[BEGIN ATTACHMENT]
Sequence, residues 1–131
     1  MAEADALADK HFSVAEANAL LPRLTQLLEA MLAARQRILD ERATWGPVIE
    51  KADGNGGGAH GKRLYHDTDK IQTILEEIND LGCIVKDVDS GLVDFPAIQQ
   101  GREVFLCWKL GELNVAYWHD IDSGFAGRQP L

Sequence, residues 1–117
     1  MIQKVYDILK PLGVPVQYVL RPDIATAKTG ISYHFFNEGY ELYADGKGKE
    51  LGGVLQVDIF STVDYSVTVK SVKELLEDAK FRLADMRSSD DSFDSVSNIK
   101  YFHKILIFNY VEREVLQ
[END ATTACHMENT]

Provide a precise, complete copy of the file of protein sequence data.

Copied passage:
Sequence, residues 1–131
     1  MAEADALADK HFSVAEANAL LPRLTQLLEA MLAARQRILD ERATWGPVIE
    51  KADGNGGGAH GKRLYHDTDK IQTILEEIND LGCIVKDVDS GLVDFPAIQQ
   101  GREVFLCWKL GELNVAYWHD IDSGFAGRQP L

Sequence, residues 1–117
     1  MIQKVYDILK PLGVPVQYVL RPDIATAKTG ISYHFFNEGY ELYADGKGKE
    51  LGGVLQVDIF STVDYSVTVK SVKELLEDAK FRLADMRSSD DSFDSVSNIK
   101  YFHKILIFNY VEREVLQ